“Yahweh” as the Unspeakable Name

The Vatican has made a ruling that I fully agree with: The Tetragrammaton, YHWH, should not be uttered as “Yahweh”.

“In recent years the practice has crept in of pronouncing the God of Israel’s proper name,” the letter noted, referring to the four-consonant Hebrew “Tetragrammaton,” YHWH.  That name is commonly pronounced as “Yahweh,” though other versions include “Jaweh” and “Yehovah.” But such pronunciation violates long-standing Jewish tradition, the Vatican reminded bishops.

    “As an expression of the infinite greatness and majesty of God, (the name) was held to be unpronounceable and hence was replaced during the reading of sacred Scripture by means of the use of an alternate name: `Adonai,’ which means `Lord,’” the Congregation said.

    That practice continued with Christianity, the letter explained, recalling the “church’s tradition, from the beginning, that the sacred Tetragrammaton was never pronounced in the Christian context nor translated into any of the languages into which the Bible was translated.”

I might point out that the practice got a big impetus from the Roman Catholic translation of the Bible, the New Jerusalem Bible, but I’m willing to let that go.

The Chronological Bible

The publishing house Thomas Nelson is coming out with The Chronological Study Bible, which not re-arranges not only the books but their passages (including the Psalms) to put everything in chronological order.

My impression is that even conservative Bible scholars are not fully agreed on when the different books of the Bible were written. In any event, looking at it from a literary perspective, this would seem to break up the unity of particular books. But do you see a value in this? And, theologically, is there a significance to the order of the canon?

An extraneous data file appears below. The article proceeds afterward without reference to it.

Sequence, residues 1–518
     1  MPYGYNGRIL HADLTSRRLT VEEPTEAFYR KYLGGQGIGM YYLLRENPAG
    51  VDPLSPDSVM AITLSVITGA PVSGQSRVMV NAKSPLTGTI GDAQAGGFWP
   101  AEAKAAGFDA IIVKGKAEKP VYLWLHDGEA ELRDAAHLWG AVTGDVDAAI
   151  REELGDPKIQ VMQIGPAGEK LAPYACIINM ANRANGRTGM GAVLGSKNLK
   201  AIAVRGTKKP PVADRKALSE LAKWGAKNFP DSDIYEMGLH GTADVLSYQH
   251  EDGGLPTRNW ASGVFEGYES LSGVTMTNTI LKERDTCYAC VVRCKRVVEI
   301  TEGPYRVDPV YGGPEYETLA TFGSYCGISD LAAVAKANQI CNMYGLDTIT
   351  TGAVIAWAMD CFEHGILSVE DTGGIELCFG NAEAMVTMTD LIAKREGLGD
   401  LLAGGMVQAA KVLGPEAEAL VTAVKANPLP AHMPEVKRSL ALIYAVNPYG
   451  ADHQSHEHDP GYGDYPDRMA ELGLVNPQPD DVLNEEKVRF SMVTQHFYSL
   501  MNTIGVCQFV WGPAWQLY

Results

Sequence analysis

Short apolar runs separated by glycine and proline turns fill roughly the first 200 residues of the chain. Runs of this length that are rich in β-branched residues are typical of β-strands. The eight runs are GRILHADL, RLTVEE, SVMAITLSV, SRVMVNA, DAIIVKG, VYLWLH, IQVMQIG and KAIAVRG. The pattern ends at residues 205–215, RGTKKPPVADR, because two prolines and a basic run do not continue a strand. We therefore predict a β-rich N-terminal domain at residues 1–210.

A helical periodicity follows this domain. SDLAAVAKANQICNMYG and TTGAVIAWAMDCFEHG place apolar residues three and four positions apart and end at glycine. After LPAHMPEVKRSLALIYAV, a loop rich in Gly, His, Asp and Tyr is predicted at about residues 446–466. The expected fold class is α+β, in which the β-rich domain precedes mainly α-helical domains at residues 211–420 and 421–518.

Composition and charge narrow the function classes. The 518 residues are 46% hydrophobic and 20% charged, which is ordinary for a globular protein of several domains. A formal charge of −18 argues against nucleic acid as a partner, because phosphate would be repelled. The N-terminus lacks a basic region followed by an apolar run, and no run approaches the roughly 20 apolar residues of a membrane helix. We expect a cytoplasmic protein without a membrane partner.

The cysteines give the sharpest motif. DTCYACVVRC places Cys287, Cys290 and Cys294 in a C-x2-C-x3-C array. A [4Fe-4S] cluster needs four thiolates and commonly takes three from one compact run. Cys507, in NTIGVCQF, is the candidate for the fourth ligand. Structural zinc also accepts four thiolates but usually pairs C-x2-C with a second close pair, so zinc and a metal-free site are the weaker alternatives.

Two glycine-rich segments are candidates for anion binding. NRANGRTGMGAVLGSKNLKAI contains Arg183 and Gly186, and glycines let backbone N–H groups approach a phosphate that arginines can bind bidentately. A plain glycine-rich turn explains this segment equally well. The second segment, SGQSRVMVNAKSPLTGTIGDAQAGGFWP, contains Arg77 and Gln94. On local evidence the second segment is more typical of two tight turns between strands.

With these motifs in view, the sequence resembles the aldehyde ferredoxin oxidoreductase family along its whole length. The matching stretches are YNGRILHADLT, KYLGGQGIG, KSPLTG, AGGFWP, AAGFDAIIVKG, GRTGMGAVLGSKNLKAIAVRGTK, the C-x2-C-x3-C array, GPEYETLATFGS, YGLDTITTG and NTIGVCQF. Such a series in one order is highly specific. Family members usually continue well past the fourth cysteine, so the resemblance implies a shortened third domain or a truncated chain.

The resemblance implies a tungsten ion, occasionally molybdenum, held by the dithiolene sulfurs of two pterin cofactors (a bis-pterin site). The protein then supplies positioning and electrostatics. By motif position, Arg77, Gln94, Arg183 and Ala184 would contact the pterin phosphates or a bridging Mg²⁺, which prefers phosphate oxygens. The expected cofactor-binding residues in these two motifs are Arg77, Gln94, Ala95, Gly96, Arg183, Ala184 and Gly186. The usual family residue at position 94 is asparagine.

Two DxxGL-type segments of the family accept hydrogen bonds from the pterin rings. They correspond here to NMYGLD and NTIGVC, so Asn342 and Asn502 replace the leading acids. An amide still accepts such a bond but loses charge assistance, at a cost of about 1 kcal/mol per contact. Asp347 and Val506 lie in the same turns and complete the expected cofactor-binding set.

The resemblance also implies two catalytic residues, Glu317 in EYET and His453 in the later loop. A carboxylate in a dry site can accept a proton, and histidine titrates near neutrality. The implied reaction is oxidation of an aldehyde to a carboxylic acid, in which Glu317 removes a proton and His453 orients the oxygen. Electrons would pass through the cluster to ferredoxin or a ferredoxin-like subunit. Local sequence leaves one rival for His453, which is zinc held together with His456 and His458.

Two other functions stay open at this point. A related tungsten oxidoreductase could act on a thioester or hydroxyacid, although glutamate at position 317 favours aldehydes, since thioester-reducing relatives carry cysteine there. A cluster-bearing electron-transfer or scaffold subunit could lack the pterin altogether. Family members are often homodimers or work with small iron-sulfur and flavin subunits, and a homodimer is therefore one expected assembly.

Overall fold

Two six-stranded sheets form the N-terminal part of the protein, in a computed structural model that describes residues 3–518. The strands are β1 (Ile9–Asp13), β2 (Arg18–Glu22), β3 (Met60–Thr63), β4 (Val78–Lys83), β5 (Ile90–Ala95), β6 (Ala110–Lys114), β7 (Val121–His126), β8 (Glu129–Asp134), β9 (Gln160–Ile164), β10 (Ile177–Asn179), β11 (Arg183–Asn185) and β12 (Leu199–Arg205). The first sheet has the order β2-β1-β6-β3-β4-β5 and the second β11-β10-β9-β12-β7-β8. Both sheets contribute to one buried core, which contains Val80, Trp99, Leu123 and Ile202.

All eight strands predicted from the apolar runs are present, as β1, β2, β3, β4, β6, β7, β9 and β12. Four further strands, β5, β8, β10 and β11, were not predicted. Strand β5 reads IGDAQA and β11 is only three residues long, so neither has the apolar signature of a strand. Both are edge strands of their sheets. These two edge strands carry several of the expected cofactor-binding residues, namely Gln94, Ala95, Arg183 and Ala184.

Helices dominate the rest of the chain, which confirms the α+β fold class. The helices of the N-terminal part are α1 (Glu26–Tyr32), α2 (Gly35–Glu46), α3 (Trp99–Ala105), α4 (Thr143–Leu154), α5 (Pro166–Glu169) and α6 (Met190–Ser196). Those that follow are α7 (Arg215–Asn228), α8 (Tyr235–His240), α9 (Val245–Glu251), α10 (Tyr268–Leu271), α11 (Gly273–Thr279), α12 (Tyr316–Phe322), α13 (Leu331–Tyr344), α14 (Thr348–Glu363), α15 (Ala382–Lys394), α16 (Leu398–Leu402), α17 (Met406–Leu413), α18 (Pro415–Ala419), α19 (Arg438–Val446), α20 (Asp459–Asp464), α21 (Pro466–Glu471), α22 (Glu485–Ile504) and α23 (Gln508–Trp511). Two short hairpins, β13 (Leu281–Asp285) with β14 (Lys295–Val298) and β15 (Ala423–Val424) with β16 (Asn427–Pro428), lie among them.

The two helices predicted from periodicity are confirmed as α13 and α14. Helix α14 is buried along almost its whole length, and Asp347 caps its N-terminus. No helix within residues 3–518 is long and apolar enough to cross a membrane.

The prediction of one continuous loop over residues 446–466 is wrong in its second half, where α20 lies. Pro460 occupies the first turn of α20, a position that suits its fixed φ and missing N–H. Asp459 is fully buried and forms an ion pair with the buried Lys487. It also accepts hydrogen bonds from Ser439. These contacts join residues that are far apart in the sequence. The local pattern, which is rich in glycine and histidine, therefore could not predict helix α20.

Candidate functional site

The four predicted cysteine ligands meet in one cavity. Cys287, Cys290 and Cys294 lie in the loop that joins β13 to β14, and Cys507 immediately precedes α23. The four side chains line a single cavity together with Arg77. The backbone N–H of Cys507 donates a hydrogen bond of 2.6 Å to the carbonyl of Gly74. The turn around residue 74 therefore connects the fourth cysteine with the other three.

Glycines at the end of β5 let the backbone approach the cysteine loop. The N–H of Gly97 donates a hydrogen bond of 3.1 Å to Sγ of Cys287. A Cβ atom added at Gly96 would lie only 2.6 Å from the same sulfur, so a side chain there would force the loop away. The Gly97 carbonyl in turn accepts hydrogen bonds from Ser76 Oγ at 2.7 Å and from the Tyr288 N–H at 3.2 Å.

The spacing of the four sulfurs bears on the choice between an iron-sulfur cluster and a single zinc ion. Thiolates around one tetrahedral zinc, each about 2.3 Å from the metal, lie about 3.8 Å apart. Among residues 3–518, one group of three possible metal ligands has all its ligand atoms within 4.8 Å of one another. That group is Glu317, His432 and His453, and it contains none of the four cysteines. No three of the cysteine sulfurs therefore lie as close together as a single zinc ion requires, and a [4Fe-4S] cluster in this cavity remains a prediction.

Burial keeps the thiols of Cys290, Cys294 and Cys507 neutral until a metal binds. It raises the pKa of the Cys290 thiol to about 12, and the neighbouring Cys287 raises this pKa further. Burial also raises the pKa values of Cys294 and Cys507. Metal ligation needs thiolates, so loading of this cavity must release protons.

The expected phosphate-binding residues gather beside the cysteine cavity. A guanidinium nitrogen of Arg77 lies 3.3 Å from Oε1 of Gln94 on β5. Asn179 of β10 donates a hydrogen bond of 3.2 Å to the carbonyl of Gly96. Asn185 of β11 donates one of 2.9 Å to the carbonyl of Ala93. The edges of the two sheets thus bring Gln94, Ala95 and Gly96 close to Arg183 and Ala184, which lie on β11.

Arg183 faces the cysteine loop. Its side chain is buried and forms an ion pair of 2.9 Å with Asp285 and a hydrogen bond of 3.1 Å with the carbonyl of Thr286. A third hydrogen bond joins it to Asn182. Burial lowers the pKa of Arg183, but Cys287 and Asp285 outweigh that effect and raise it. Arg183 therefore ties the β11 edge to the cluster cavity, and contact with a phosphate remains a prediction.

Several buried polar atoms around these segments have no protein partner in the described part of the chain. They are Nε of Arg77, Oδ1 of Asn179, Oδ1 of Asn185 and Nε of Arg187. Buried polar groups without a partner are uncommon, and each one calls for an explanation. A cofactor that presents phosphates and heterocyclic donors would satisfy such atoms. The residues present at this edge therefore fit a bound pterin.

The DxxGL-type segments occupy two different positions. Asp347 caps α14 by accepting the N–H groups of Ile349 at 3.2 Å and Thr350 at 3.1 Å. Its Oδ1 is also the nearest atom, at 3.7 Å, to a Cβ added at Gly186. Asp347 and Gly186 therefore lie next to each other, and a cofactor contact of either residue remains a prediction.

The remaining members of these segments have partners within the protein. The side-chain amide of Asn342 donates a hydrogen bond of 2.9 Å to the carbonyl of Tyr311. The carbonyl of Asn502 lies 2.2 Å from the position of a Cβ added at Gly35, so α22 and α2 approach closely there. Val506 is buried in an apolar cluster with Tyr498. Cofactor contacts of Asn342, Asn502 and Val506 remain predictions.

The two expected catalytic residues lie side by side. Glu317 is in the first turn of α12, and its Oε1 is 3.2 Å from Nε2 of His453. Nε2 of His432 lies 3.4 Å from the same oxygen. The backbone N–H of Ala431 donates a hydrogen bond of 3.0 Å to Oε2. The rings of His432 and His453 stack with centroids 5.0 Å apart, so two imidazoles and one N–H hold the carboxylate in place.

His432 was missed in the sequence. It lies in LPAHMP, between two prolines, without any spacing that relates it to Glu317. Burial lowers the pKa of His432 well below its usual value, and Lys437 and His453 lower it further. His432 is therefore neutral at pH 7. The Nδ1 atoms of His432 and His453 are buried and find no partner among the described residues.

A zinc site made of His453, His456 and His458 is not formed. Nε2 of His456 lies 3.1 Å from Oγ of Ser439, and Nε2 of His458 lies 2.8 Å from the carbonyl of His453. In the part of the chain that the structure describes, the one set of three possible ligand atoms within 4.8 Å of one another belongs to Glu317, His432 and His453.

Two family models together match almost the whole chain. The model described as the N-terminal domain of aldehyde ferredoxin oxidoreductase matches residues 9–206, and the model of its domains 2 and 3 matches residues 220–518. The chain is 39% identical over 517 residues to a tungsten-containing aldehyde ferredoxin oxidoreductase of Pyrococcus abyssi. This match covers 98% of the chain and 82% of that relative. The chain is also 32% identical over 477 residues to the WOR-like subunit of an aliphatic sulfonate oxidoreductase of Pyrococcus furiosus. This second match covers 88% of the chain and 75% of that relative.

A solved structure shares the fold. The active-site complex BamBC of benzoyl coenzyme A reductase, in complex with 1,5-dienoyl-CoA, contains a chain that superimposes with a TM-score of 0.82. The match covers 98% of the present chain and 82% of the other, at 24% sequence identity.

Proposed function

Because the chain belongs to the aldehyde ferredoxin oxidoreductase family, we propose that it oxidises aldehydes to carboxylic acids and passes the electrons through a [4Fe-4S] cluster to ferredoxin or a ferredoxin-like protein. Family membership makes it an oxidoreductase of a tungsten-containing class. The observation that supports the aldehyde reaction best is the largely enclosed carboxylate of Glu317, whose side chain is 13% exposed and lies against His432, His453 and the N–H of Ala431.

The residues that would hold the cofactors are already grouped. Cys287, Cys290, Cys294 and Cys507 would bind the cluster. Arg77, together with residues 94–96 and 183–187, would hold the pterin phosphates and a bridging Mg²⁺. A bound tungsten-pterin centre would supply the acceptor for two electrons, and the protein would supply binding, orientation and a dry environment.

The penalty for possessing a Bible

Something else I learned at the CIRCE conference: In the heyday of Soviet Communism, the penalty for possessing a Bible was 3 years in prison. Think of that the next time you dare to read that dangerous book.

The necessity–and value–of church divisions

Rev. William Cwirla offers some provocative and oddly encouraging thoughts about why divisions within a congregation or church body are, in the words of the Apostle Paul, “necessary.” See Blogosphere Underground: Devilish Distractions. A sample:

Dissensions and divisions have their root in our old Adamic flesh (Gal 5:20; 1 Tim 6:4; Titus 3:9). The old Adam loves to stir up trouble wherever he can find it. Dissensions and divisions in the church arise from false teachings and false teachers who subvert the Gospel (Rom 16:17; Jude 19). Paul’s desire for the Corinthian congregation is that it be united, of the same mind and judgment (1 Cor. 1:10). Yet Paul goes on to make this remarkable statement: “It is necessary that there be divisions (Gk: heresies) among you so that those who are proven might be manifest among you” (1 Cor 11:19). In other words, the soundness of a teacher is tested in the face of controversy, and divisions serve the purpose of showing who is proven.

Rev. Cwirla goes on to apply what this means and why. He does not praise church divisions, mind you, seeing them as sinful; and yet God uses them nonetheless.

Nancy Pelosi’s favorite Bible verse

Speaker of the House Nancy Pelosi has been taking every opportunity to share her favorite Bible passage:

“The Bible tells us in the Old Testament, ‘To minister to the needs of God’s creation is an act of worship. To ignore those needs is to dishonor the God who made us.’ On this Earth Day, and every day, let us honor the earth and our future generations with a commitment to fight climate change.”

Apparently, it’s a favorite verse of hers. She has used it in official statements on global warming, the budget, Martin Luther King Day, Christmas, and why she’s a Democrat.

Taking the scariness out of Jonah

A Touchstone article criticizes children’s Bible story books that take out the scariness that is in the Bible, looking particularly at the treatments of Jonah and the whale. The author, Ronald F. Marshall, argues that the scary parts are necessary for the child to realize the Gospel in those stories. See Eaten Alive.